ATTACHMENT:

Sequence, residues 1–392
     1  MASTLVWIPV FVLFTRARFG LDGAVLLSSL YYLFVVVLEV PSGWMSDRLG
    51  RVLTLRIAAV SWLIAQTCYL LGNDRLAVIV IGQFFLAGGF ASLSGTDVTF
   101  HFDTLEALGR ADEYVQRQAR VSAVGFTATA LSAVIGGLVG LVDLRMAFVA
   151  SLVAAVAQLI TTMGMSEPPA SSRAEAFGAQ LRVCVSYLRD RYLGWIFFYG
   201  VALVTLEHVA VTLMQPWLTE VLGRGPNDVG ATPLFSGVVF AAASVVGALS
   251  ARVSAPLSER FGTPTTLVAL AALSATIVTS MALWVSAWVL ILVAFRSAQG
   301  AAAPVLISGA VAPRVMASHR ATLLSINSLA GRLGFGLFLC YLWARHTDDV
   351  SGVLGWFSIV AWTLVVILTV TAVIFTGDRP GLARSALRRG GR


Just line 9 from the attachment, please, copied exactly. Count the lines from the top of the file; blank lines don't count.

   351  SGVLGWFSIV AWTLVVILTV TAVIFTGDRP GLARSALRRG GR